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West Africa nowhere near end of Ebola crisis: Obama

IANS 19 Nov 2014, 7:00:42 AM IST

Washington:  US President Barack Obama warned Tuesday that West Africa was still "nowhere near out of the woods" in its fight against Ebola.

Obama spoke Tuesday at the White House while meeting with his national security and public health teams on Ebola, Xinhua reported.

"As long as the outbreak continues to rage in the three countries in West Africa -- Liberia, Sierra Leone and Guinea -- this is still going to be a danger -- not just for America, but for the entire world," he said.

The US president said anti-Ebola efforts in parts of Liberia are "really paying dividends" but Sierra Leone is still "seeing an increase of cases".

In Guinea, "some of the international coordination still needs to improve" although the numbers there are lower than in Sierra Leone or Liberia, while Mali experienced an reemergence of the deadly disease this month, he said.

"It underscores how important it is to continue to push forward until we stamp out this disease entirely in that region," the US president said.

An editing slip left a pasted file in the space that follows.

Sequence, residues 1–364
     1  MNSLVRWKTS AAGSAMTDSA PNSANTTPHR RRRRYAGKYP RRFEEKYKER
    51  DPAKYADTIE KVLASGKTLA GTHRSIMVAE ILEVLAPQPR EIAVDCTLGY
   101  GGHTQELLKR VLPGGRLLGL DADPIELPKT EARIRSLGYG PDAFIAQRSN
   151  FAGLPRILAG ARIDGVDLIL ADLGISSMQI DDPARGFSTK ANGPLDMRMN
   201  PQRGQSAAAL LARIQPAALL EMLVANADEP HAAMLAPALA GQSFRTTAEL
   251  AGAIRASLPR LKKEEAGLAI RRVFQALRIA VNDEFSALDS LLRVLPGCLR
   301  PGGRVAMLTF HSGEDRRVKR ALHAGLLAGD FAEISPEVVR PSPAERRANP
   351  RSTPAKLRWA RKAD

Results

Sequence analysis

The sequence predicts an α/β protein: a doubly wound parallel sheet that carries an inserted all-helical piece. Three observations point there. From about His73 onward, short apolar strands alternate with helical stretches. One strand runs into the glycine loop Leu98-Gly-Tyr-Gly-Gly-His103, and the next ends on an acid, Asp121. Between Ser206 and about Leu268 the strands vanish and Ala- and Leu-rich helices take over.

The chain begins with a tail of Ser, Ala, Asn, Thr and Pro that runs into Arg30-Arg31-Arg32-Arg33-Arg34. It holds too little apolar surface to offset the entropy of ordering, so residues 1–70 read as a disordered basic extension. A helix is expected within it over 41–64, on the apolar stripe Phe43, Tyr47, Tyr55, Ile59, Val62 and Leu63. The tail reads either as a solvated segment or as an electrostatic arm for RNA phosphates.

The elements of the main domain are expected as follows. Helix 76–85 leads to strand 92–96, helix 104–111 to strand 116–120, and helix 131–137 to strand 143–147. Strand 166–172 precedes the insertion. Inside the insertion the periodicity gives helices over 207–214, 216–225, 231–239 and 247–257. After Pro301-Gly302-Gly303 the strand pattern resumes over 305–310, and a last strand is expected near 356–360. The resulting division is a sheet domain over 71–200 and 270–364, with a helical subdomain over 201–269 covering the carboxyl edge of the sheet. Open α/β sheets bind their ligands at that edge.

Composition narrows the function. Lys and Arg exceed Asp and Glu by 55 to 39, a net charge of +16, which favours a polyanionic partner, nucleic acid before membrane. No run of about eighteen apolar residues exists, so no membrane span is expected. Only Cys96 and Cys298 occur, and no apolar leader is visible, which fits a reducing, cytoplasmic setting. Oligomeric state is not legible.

"Until we do, there are threats of additional outbreaks, and given the nature of international travel, it means that everybody has some measure of risk."

Obama noted the attention on the crisis has ebbed in the US over the last several weeks, but "the challenges remain".

He mentioned the death of Martin Salia, a Sierra Leone citizen and US resident, saying "when Ebola is promptly diagnosed and treated, then we have a great chance of curing it".

Salia got sick Nov 6 while treating patients in his native Sierra Leone, and when he arrived Saturday at the Nebraska Medical Centre in Omaha for treatment, he was already in critical condition. He died early Monday "as a result of the advanced symptoms of the disease," said the Omaha hospital.

The US president also urged the Congress to approve his $6.18 billion dollar emergency funding request, saying it will help strengthen the country's domestic health systems as well as support ongoing efforts in West Africa.